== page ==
# Computer Arithmetic Package

The arithmetic used by *Mathematica* is a mixture of variable-precision software arithmetic and whatever is provided by the manufacturer of the floating-point hardware (or the designer of the compiler, if there is no floating-point hardware). If you want to learn about the basic ideas of computer floating-point arithmetic in general or examine the machine arithmetic on your machine, you can use . This allows you to examine arithmetic with various bases, precisions, and rounding rules.

ComputerNumber[x] | convert the ordinary number x to a computer number in the arithmetic currently in effect |

ComputerNumber[sign,mantissa,exp] | form the computer number with sign sign, mantissa mantissa, and exponent exp |

the complete data object that makes up a computer number | |

NaN | a nonrepresentable number in the current arithmetic |

Computer numbers and non-numbers in .

Much of the information carried around in the data object that makes up a computer number is redundant. In particular, the first three arguments contain exactly the same information as the fourth argument. The redundancy exists partly for the sake of efficiency and partly to allow the user access to the various fields. The fifth argument has nothing to do with the computer number itself. It instead represents what the value of the number would be without the cumulative effects of all the roundoff errors that went into the computer number. It is computed using *Mathematica*'s high-precision arithmetic and can generally be regarded as the correct value of the number. Comparing the computer number with this number gives the error in the computer number.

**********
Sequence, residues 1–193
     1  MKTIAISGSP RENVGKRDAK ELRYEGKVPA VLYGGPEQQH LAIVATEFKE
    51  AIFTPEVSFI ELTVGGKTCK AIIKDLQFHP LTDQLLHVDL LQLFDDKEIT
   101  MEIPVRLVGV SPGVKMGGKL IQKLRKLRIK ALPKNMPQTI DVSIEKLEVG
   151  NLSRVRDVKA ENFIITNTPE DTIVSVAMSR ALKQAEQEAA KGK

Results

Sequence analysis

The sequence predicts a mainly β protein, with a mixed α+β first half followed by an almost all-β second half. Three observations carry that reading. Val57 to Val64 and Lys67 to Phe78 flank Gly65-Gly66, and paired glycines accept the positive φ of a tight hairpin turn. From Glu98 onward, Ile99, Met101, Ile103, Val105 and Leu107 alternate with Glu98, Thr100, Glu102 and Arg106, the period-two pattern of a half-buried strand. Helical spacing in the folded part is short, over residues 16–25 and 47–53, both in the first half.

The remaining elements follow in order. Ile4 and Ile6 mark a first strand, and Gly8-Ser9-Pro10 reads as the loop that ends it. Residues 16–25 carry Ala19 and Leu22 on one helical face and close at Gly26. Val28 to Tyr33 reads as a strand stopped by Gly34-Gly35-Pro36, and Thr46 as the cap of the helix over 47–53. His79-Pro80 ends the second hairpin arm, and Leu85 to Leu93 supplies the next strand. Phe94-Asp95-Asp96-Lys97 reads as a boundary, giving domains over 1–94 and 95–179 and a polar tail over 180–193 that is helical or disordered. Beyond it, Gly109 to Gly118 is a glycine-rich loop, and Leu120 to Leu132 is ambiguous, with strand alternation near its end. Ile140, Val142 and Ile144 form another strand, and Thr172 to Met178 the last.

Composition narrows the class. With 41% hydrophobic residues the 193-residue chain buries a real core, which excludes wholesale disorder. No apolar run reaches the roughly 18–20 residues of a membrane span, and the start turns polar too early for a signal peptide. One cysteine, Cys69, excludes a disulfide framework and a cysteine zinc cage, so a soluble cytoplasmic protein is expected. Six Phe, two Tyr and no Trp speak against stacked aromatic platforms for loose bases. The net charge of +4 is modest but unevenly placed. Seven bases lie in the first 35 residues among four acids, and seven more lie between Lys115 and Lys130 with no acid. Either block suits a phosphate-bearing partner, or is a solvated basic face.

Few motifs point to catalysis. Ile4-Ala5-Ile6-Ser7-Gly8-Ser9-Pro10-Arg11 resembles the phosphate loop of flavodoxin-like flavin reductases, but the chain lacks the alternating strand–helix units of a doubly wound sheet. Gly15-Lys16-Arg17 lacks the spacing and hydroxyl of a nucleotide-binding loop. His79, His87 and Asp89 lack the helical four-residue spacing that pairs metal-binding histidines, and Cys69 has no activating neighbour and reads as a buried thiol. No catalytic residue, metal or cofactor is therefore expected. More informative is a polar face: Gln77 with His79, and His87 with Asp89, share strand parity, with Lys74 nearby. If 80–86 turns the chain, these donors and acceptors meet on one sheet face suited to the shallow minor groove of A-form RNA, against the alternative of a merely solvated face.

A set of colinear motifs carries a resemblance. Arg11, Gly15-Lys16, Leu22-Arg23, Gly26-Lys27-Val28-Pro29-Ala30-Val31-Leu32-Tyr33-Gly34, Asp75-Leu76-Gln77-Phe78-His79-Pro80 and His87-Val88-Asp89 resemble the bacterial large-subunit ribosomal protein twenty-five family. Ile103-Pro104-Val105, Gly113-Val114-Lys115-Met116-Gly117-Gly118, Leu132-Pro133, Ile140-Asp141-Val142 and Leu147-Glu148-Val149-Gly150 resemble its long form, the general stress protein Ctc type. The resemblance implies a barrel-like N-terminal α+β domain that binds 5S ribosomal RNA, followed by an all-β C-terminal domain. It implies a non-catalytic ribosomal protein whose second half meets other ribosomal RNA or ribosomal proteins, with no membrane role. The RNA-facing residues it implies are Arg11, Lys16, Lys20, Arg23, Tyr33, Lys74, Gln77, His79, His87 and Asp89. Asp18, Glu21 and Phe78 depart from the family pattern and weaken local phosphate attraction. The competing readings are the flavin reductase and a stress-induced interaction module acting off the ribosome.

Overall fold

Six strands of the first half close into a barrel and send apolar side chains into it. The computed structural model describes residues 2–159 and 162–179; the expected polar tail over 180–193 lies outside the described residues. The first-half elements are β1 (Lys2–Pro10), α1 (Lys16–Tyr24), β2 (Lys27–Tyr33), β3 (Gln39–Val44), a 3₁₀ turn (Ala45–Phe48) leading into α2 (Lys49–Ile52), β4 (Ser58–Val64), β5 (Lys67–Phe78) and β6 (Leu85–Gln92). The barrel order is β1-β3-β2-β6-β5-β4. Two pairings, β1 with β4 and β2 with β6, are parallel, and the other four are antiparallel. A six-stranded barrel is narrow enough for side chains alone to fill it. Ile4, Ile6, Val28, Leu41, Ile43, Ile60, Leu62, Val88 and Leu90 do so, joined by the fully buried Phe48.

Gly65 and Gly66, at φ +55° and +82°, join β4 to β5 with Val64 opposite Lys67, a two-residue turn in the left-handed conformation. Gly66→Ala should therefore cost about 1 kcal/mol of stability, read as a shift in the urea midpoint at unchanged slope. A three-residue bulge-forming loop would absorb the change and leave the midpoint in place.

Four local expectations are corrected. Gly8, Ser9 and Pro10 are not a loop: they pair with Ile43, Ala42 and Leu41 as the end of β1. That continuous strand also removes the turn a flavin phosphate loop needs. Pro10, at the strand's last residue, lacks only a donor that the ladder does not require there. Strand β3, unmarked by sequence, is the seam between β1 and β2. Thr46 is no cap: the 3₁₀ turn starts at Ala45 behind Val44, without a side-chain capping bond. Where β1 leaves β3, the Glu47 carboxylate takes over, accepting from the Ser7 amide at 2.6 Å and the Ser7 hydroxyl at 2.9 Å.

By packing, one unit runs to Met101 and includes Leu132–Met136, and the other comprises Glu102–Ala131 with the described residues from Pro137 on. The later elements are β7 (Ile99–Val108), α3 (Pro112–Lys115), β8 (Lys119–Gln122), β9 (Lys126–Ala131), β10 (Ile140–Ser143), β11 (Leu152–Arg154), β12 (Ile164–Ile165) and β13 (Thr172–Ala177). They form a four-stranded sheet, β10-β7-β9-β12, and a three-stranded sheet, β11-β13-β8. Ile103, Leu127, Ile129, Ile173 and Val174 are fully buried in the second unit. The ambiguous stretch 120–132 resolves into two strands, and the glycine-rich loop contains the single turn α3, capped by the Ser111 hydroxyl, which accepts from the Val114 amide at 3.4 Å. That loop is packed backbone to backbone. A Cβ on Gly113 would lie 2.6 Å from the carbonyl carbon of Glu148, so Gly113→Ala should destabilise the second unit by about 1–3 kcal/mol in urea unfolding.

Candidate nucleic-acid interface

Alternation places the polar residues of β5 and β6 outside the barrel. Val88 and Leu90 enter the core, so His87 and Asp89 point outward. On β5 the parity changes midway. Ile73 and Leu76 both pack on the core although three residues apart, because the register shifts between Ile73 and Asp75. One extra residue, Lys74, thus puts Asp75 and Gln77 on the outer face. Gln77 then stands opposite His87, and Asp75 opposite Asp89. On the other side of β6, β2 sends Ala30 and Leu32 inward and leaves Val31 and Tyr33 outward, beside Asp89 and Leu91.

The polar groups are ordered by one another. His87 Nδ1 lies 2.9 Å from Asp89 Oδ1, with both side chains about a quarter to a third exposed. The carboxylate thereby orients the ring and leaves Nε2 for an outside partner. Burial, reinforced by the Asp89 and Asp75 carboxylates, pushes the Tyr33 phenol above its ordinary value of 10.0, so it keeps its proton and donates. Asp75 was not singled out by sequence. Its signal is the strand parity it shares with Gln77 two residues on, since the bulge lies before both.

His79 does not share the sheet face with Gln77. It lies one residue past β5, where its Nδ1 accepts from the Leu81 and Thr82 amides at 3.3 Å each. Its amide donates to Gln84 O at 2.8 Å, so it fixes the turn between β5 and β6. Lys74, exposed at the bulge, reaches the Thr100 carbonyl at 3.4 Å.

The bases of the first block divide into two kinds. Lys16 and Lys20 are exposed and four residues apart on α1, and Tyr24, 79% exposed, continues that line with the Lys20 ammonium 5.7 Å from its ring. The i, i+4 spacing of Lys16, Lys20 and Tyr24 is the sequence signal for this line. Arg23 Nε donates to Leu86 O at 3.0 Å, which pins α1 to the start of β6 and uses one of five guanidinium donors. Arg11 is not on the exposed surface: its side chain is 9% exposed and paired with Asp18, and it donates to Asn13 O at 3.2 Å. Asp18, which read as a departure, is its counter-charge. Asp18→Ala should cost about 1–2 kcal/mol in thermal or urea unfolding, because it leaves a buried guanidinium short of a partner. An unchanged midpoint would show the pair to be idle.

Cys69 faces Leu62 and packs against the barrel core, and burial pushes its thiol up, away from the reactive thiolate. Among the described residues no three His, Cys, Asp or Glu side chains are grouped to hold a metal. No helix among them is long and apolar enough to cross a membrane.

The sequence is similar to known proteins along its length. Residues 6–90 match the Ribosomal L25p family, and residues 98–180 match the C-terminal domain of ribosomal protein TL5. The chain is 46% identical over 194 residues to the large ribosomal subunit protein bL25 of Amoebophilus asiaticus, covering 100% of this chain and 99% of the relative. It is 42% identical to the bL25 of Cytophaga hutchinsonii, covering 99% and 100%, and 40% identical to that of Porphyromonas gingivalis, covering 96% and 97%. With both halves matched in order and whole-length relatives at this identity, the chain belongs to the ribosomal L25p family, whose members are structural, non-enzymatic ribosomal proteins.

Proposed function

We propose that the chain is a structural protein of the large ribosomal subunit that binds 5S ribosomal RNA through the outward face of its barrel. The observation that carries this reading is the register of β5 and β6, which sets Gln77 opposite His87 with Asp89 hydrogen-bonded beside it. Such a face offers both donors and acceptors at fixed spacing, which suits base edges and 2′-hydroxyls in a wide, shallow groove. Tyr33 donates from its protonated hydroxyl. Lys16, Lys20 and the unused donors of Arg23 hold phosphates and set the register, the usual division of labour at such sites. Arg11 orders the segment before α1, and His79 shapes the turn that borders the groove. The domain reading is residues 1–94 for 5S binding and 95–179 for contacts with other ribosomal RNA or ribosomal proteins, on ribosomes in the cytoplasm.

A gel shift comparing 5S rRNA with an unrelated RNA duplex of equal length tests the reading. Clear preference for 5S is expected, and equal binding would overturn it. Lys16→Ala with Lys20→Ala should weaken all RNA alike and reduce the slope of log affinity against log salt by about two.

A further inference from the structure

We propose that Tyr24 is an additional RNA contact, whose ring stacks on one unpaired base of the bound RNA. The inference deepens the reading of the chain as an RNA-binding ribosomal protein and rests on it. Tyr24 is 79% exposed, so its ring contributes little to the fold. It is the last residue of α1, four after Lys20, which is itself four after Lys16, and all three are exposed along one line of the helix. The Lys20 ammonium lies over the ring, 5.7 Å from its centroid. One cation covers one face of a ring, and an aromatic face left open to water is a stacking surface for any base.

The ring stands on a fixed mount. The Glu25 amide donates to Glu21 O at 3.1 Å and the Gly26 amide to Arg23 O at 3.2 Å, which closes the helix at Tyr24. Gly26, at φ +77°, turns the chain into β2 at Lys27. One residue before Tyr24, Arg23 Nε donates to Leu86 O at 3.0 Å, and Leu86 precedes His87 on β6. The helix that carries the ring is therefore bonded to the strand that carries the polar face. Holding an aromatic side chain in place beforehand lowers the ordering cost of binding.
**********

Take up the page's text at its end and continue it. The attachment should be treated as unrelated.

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SetArithmetic[n] | set the arithmetic to be n digits, base 10 |

SetArithmetic[n,b] | set the arithmetic to be n digits, base b |

Arithmetic[] | give the parameters of the arithmetic currently in effect |

Changing the type of arithmetic to be used.

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There are several options that can be used when setting the arithmetic. In addition to changing the precision and the base, you can control the type of rounding used, the magnitude of the numbers allowed, whether mixed-mode arithmetic is to be allowed, and whether division is to be done with a single rounding operation.

option name | default value | |

RoundingRule | RoundToEven | the type of rounding to be used |

ExponentRange | {-50,50} | the range of exponents that is to be allowed |

MixedMode | False | whether mixed-mode arithmetic is to be allowed |

IdealDivision | False | whether correctly rounded division is to be used |

Options for SetArithmetic.

It should be noted that correctly rounded division is implemented by the function IdealDivide. This function can be used whether or not the arithmetic is set to automatically use correct division. It is difficult to get to give correctly rounded division since the is converted to before the package ever sees it. To get around this, $PreRead is defined to convert into x~IdealDivide~y before the parser has a chance to change it to . If you want to use $PreRead for your own purposes this will interfere with your definition.